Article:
Denise Sorgen v. Michael Sorgen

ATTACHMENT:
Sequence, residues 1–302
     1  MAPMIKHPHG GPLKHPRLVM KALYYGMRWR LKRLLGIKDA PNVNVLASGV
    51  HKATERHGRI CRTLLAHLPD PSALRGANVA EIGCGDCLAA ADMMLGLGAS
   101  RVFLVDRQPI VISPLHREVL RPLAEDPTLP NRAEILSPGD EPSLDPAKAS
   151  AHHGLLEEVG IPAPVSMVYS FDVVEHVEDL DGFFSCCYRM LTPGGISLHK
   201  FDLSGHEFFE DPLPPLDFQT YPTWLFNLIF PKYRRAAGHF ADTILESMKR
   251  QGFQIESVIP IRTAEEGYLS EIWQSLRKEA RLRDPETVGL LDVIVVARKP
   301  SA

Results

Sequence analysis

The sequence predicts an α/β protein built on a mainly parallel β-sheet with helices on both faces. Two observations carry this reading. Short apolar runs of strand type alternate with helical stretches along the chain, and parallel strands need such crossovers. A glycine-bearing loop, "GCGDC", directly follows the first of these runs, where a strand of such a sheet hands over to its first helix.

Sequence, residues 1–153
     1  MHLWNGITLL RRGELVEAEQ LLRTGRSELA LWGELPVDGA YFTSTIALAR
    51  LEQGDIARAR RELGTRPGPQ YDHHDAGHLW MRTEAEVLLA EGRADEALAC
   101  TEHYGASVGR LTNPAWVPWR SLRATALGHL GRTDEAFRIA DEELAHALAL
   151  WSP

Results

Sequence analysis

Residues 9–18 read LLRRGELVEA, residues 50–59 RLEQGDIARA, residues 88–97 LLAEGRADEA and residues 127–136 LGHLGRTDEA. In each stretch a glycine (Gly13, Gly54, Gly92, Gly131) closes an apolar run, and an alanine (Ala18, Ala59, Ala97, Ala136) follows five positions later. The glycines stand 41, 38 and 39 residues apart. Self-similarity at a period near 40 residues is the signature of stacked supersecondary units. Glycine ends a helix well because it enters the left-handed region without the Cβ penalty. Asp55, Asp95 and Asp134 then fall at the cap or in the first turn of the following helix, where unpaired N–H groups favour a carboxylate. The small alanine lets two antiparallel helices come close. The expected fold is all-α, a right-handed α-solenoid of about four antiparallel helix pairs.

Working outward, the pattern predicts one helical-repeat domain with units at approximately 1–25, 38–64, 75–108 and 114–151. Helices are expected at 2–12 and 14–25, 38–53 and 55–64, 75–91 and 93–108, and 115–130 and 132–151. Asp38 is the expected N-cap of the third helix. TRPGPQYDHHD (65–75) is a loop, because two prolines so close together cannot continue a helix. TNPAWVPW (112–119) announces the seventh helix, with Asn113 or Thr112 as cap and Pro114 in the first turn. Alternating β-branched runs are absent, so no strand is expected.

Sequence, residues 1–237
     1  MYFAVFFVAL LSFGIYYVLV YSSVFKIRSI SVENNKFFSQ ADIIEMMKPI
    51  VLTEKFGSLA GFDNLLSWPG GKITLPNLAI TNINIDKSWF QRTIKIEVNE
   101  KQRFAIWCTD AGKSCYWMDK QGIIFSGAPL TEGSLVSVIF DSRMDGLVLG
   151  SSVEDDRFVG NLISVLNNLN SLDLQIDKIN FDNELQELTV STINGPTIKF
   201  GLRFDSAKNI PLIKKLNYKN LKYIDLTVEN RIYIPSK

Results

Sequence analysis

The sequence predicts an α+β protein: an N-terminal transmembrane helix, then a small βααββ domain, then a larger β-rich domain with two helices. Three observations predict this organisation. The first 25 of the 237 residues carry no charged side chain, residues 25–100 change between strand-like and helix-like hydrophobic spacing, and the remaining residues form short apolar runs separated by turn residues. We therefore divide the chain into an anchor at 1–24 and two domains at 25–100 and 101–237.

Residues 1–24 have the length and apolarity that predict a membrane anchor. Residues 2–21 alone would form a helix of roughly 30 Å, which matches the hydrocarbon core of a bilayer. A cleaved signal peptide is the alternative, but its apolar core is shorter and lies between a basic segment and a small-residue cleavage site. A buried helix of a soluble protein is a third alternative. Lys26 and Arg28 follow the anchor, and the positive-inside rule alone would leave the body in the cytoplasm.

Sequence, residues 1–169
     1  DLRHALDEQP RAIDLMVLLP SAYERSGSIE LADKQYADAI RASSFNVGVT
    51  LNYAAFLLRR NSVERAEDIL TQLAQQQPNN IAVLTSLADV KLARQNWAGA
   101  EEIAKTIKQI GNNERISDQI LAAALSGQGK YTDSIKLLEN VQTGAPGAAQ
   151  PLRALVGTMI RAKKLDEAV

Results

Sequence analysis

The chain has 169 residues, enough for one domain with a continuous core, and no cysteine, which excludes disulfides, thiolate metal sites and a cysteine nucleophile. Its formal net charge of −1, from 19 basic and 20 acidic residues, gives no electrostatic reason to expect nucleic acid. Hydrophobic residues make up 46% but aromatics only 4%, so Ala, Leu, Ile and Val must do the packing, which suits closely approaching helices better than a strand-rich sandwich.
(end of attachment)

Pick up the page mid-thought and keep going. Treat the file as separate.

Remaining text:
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DISTRICT COURT OF APPEAL OF THE STATE OF FLORIDA FOURTH DISTRICT January Term 2014 DENISE SORGEN, Appellant/Cross-Appellee, v. MICHAEL SORGEN, Appellee/Cross-Appellant. No. 4D12-718 [July 2, 2014] Appeal and cross-appeal from the Circuit Court for the Seventeenth Judicial Circuit, Broward County; Renee Goldenberg, Judge; L.T. Case No. 08-4317 35. Carin M. Porras and Gordon C. Brydger of Brydger & Porras, LLP, Fort Lauderdale, for appellant/cross-appellee. Melody Ridgley Fortunato of Fortunato & Associates, P.A., Fort Lauderdale, for appellee/cross-appellant. GERBER, J. The wife appealed from the trial court s final judgment dissolving the parties marriage, and the husband cross-appealed. This court dismissed the wife s appeal for lack of prosecution. The husband s cross-appeal argues the trial court erred in denying his request to include the wife s inherited asset as a marital asset in the court s equitable distribution. More specifically, the husband argues that, because the wife s inherited asset was commingled into the parties joint account, the wife s inherited asset became a marital asset subject to equitable distribution. We agree with the husband s argument and reverse that portion of the final judgment addressing only that asset and the equitable distribution. Before the marriage, the wife inherited a one-third interest in a home. The other two-thirds interest in the home was inherited by the wife s two sisters. The wife and her sisters rented the home to tenants and deposited the rent into a separate account. After the parties married, the wife s sisters separately sold their interests in the home to the wife. The husband testified that the wife purchased her sisters interests using joint funds. However, the wife testified that she purchased her sisters interests using her share of the money from the rental account. In any event, it is undisputed that, after the purchase, the wife and the husband renovated the home using joint funds. The wife and the husband also received rental income from the home, which income they deposited into a joint account. The wife and the husband also used funds from the joint account to pay the taxes on the home and the rental income. The wife and the husband ultimately sold the home, and deposited the proceeds into the joint account. They used a portion of the proceeds to pay the capital gains taxes on the sale of the home, and kept the remaining proceeds in the joint account for the next ten years. During those ten years, the wife and the husband used the proceeds to execute stock trades. When the husband petitioned for dissolution of the marriage, the wife moved the funds from the joint account into her separate personal account. At trial, the parties disputed whether the wife s one-third interest in the proceeds from the sale of the home remained a nonmarital asset or became a marital asset subject to equitable distribution. The circuit court ultimately entered a final judgment denying the husband s request to include the wife s one-third interest in the proceeds from the sale of the home as a marital asset subject to equitable distribution. The wife s now-dismissed appeal and the husband s cross-appeal followed. Pertinent to this opinion, the husband s cross-appeal argues the trial court erred in not including the wife s one-third interest in the proceeds from the sale of the home as a marital asset in the court s equitable distribution. More specifically, the husband argues that, because the proceeds from the sale of the home ultimately were commingled into the parties joint account, the wife s one-third interest in the proceeds from the sale of the home became a marital asset subject to equitable distribution. Our review is de novo. See Jordan v. Jordan, 127 So. 3d 794, 797 (Fla. 4th DCA 2013) ( We review the legal conclusion of whether an asset is marital or non-marital de novo. ); see also § 61.075(6)(a)1.a., Fla. Stat. (2008) (marital assets include, among other things, [a]ssets acquired . . . during the marriage, individually by either spouse or jointly by them. ); 2 § 61.075(6)(b)2., Fla. Stat. (2008) (nonmarital assets include, among other things, [a]ssets acquired separately by either party by . . . bequest, devise, or descent . . . . ). We agree with the husband s argument that, because the proceeds from the sale of the home ultimately were commingled into the parties joint account, the wife s one-third interest in the proceeds from the sale of the home became a marital asset subject to equitable distribution. In evaluating assets that come to one spouse by inheritance, the task for the trial court in a dissolution proceeding is to determine whether the recipient intended that the assets remain non-marital or whether the recipient s conduct during the marriage gives rise to the presumption of a gift to the other spouse. Lakin v. Lakin, 901 So. 2d 186, 190 (Fla. 4th DCA 2005). A party may show intent to keep an asset nonmarital if the non-marital property is placed into a separate account, no other funds are deposited into it, and the account is never intermingled with the parties other funds. Id. (citation omitted). However, [w]hen one spouse deposits funds into a joint account where they are commingled with other funds so as to become untraceable, a presumption is created that the spouse made a gift to the other spouse of an undivided one-half interest in the funds. Williams v. Williams, 686 So. 2d 805, 808 (Fla. 4th DCA 1997) (citation omitted). The spouse seeking to have the property declared a nonmarital asset has the burden of overcoming this presumption by proving that a gift was not intended. Robertson v. Robertson, 593 So. 2d 491, 494 (Fla. 1991); see also § 61.075(6)(a)3., Fla. Stat. (2008) ( All personal property titled jointly by the parties as tenants by the entireties, whether acquired prior to or during the marriage, shall be presumed to be a marital asset. In the event a party makes a claim to the contrary, the burden of proof shall be on the party asserting the claim that the subject property, or some portion thereof, is nonmarital. ). The burden of proof to overcome the gift presumption [is] by clear and convincing evidence. § 61.075(6)(a)4., Fla. Stat. (2008). Here, the wife s one-third interest in the proceeds from the sale of the home undisputedly was deposited into the parties joint account. Although the wife disputed the husband s testimony as to whether they used joint funds to purchase the remaining two-thirds interest in the home, she does not dispute that they used joint funds to renovate the home, deposited proceeds from the home into their joint account, used the funds in their joint account to pay taxes on the home, and used the funds in their joint account to execute stock trades during the marriage. This commingling of 3 the wife s one-third interest in the proceeds from the sale of the home in the parties joint account created a presumption that the wife gifted an undivided one-half interest in the funds to the husband. The wife presented no evidence to rebut that presumption. The wife nevertheless argues that her one-third interest in the proceeds from the sale of the home remained nonmarital because no evidence existed that the funds representing her one-third interest were untraceable from the funds in the joint account. We disagree. The wife ignores the fact that her one-third interest in the proceeds from the sale of the home ultimately was commingled in the joint account, which created a presumption that she gifted an undivided one-half interest in the proceeds from the sale of the home to the husband. Again, the wife presented no evidence to rebut that presumption. Based on the foregoing, we reverse that portion of the final judgment denying the husband s request to include the wife s one-third interest in the proceeds from the sale of the home as a marital asset subject to equitable distribution. We remand for the trial court to recalculate the equitable distribution by including the wife s one-third interest in the proceeds from the sale of the home as a marital asset subject to equitable distribution. On the husband s four other arguments in his cross-appeal, we affirm without further discussion. Affirmed in part, reversed in part, and remanded. GROSS and FORST, JJ., concur. * * * Not final until disposition of timely filed motion for rehearing. 4